Dear Tracy Miller, I am very upset by your ignorant comments which proves that you know knowing about the Ramapough People, because if you did you would have never made the comments. So let me inform you that we Ramapough live and function in society just like everyone else, some of us have College Degrees and are Doctors, Lawyers, Teachers, etc. just like the rest of society. Some of us are white collar workers and some of us are blue collar workers, and we all pay taxes and contribute to the economy of the US just like the rest of society, so whatever edge of society you consider that to be, then I guess you, the Ramapough and everyone else is living on the same edge of society. We are tired of people like you constantly demeaning us when you know nothing about us, and we are a different generation than our ancestors that were afraid to speak out. We will continue to speak against people like you and nothing you say will stop us, so you can't be any more tired and sick of us as we are tired and sick of people like. All the other people that made intelligent and compassionate comments, the Ramapough People and I thank you for your understanding and compassion.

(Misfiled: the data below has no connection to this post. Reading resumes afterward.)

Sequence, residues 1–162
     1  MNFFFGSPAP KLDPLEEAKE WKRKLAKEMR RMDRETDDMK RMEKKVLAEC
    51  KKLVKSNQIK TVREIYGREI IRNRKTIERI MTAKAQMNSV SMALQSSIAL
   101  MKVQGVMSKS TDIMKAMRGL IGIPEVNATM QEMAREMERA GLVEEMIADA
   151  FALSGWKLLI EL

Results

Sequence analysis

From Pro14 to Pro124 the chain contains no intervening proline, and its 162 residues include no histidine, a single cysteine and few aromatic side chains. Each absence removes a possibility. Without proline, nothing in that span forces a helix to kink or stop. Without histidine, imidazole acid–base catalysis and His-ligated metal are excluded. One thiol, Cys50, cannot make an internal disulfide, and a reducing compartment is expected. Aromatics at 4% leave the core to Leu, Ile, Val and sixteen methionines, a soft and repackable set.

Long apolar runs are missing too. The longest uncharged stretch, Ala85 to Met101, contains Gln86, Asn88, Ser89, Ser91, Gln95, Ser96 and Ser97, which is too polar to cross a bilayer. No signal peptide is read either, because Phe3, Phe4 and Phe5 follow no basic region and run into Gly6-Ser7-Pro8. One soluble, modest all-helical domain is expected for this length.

Cheryl Chirichello December 07, 2013 at 12:12 AM